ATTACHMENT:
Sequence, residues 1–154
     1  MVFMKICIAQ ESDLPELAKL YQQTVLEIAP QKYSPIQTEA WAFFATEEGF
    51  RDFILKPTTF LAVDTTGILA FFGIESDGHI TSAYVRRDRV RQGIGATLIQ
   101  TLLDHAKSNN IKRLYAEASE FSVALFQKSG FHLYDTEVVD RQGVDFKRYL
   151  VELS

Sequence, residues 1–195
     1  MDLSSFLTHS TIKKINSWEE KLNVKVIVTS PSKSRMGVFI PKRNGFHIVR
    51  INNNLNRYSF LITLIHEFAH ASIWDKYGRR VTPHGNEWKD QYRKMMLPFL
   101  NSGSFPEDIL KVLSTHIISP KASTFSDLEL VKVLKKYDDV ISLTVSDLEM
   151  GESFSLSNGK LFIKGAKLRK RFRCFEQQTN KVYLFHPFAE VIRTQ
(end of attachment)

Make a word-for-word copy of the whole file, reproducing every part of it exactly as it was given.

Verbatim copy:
Sequence, residues 1–154
     1  MVFMKICIAQ ESDLPELAKL YQQTVLEIAP QKYSPIQTEA WAFFATEEGF
    51  RDFILKPTTF LAVDTTGILA FFGIESDGHI TSAYVRRDRV RQGIGATLIQ
   101  TLLDHAKSNN IKRLYAEASE FSVALFQKSG FHLYDTEVVD RQGVDFKRYL
   151  VELS

Sequence, residues 1–195
     1  MDLSSFLTHS TIKKINSWEE KLNVKVIVTS PSKSRMGVFI PKRNGFHIVR
    51  INNNLNRYSF LITLIHEFAH ASIWDKYGRR VTPHGNEWKD QYRKMMLPFL
   101  NSGSFPEDIL KVLSTHIISP KASTFSDLEL VKVLKKYDDV ISLTVSDLEM
   151  GESFSLSNGK LFIKGAKLRK RFRCFEQQTN KVYLFHPFAE VIRTQ